It’s clear to see that point-of-care ultrasound (POCUS) is shifting the way we engage in medical practice. The ultrasound (US) machine found its inception in the 1950s, then quickly moving into becoming a widely available tool in the 1960s. The limitations of these early US machines were its size, the requirements for use such as patient immersion into the water for image retrieval, as well as barriers to image interpretation and limited capabilities.
Fast forward to the 1990s, and we find that research and development have vastly advanced to enable US machines to become portable, faster, and smaller. Technological developments such as the color Doppler, multifrequency probes, and the transvaginal transducer had made it so that clinicians could utilize the US right at the bedside, hence the birth of POCUS. In our 21st century, the welcomed addition of artificial intelligence (AI) has advanced POCUS to even higher ground.
Perioperative care is a field of medicine that is reaping the benefits of this technology that continues to evolve and save lives. According to the American Society of Regional Anesthesia and Pain Medicine (ASRA), “Ultrasound -guidance has transformed regional anesthesia from the practice of relatively few academic experts to an “everyday” tool widely utilized by most anesthesiologists. US imaging is now used in virtually every anesthesiology practice in the United States…” Furthermore, ASRA takes the stance that, “Point-of-care applications of ultrasound relevant to anesthesia practice are in many cases more accurate than traditional imaging modalities and clinical assessment models for a variety of diagnosis.”
Recently, our Focus on POCUS™ podcast had the pleasure of interviewing Thomas Baribeault, CRNA and Founder and President of the Society of Opioid-Free Anesthesia (SOFA). Baribeault currently practices in Atlanta, Georgia, and is responsible for implementing opioid-free anesthesia and post-operative pain protocols. He received his bachelor’s degree in nursing from Ohio State University, a master’s of science in nursing and anesthesia residency from Case Western Reserve University, and a doctorate in nursing practice and pain management fellowship from the University of South Florida.
In this episode, Baribeault walks us through his personal evolution of how he learned about the benefits of POCUS for his field. He was initially trained in the standard curriculum for vascular access and peripheral nerve blocks. From there, he advanced to lung scans for pneumothorax and scanning patients’ abdomen for gastric contents and NPO status. Along Baribeault ‘s educational journey, he had an instructor who was compelled to teach him about basic transthoracic echo. He cites this as being a game-changing moment for his CRNA capabilities.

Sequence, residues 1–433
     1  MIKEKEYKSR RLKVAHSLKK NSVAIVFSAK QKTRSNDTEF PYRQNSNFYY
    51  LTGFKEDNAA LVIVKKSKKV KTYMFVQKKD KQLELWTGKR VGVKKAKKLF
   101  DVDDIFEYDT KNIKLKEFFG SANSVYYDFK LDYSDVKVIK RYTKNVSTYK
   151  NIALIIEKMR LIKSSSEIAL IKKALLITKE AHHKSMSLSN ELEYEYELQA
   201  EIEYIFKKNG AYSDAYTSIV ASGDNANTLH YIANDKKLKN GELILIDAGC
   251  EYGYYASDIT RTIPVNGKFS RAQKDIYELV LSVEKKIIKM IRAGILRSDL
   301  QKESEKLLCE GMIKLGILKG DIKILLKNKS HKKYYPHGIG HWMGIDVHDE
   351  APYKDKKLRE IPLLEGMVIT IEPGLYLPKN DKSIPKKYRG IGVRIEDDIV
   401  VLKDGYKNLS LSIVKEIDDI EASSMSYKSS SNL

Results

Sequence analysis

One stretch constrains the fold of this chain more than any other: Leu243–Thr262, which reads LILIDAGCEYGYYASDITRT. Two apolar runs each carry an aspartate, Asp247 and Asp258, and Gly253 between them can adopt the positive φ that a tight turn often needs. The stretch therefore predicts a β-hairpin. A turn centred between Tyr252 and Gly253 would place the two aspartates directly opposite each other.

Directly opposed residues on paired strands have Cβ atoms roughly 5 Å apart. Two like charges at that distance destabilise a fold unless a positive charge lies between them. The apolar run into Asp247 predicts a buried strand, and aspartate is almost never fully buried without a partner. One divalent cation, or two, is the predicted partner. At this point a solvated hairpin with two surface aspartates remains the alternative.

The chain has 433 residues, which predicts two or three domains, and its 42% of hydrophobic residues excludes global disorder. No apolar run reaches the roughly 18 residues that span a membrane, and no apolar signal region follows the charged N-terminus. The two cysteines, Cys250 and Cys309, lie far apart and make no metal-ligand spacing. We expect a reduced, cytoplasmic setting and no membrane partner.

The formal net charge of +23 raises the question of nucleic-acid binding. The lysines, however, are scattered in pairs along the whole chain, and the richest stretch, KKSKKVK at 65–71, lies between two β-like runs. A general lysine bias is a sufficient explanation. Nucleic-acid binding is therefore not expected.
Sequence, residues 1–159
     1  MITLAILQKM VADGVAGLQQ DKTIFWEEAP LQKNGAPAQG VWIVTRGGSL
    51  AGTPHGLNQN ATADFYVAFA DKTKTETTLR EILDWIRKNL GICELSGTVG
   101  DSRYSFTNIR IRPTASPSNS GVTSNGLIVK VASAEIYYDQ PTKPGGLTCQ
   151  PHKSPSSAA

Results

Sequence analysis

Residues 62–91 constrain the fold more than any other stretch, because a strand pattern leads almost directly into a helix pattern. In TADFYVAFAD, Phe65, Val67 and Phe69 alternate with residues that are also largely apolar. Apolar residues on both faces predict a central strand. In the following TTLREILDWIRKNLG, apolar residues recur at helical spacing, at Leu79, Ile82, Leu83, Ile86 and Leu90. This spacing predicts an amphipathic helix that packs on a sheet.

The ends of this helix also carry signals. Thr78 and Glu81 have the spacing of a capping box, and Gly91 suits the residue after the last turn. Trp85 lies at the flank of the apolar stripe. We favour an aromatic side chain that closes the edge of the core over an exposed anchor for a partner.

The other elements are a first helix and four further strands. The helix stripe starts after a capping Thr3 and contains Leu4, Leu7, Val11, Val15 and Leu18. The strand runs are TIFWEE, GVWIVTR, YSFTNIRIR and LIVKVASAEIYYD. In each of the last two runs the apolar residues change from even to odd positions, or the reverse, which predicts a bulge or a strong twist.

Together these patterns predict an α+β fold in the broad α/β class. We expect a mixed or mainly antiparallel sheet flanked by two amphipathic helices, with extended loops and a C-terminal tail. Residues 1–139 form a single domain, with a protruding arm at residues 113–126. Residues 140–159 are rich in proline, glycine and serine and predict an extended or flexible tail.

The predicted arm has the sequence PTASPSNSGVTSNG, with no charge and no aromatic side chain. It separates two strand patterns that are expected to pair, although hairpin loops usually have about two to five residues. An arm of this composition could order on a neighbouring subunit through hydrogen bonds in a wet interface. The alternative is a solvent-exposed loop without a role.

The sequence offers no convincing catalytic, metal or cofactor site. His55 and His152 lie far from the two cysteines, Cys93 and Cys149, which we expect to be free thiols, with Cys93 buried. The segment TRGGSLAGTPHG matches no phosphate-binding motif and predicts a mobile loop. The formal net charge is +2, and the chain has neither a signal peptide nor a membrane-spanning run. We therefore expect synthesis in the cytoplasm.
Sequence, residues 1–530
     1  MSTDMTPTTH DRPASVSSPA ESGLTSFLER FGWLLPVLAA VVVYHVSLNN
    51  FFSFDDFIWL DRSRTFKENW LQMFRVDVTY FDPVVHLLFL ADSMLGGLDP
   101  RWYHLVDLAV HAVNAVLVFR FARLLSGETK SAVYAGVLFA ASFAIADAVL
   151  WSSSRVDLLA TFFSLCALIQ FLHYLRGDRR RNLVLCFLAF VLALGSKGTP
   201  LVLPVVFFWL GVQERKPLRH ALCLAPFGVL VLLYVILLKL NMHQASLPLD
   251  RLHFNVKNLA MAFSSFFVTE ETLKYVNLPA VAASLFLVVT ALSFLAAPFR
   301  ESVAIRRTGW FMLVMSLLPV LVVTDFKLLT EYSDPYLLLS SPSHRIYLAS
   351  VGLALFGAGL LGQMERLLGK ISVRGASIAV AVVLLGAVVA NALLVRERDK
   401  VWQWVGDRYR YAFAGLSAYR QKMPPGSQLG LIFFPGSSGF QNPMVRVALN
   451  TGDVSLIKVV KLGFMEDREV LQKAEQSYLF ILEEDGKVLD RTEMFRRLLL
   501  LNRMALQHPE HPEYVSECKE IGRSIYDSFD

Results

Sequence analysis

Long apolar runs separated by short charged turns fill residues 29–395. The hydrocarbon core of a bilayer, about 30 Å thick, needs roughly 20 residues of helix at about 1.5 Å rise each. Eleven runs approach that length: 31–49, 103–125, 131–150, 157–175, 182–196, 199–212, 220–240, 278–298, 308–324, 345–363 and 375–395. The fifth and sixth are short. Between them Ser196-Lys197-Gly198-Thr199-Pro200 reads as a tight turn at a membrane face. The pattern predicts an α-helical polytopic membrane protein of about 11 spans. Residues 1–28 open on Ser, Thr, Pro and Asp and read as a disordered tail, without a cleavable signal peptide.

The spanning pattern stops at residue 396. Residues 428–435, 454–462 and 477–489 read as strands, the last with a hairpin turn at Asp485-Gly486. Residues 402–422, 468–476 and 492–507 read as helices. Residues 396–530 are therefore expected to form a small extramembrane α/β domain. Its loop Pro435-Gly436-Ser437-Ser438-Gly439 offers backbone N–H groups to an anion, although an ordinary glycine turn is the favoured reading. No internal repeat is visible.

Due to POCUS’s ability to quickly analyze the patient’s body habitus, this tool streamlines his ability to perform a focused scan right at the bedside, essentially delivering a “reconnaissance scan,” as he cleverly calls it. He can skip jumping through hoops, so to speak, to get rapid answers, which upgrade his delivery of exceptional CRNA care.
Baribeault notes that the reduction in size and mobility is the major component of POCUS technology that has taken its evolution from good to exceptional. The elimination of the traditional large, wheeled cart was a pivotal moment for providers everywhere. The simplicity of being able to plug your transducer into an iPhone or tablet allows a level of effortlessness that streamlines care in an unmatched way. Incorporating AI technology to provide guided image interpretation, assist with injection fractions, and auto calculation of fluid volumes is phenomenal.
While Baribeault praises the advancements of AI technology in POCUS, he also warns listeners to proceed carefully before becoming dependent on AI to interpret everything. There is still a need to increase basic education standards for everyone that incorporates POCUS into their practice. The POCUS Certification Academy™ is founded on this premise and believes this is the only way to continue the evolution of POCUS to its greatest potential.
- Kendall, John L., Hoffenburg, Stephen R., & Smith, R. Stephen. (2007). History of emergency and critical care ultrasound: The evolution of a new imaging paradigm. Critical Care Medicine, 35 (5). 10.1097/01.CCM.0000260623.38982.83. Retrieved on April 28th, 2020, from https://www.academia.edu/18477390/History_of_emergency_and_critical_care_ultrasound_The_evolution_of_a_new_imaging_paradigm.
- (n.d.) American Society of Regional Anasthesia and Pain Medicine: Why PoCUS?. Retrieved April 28th, 2020, from https://www.asra.com/page/310/why-pocus.
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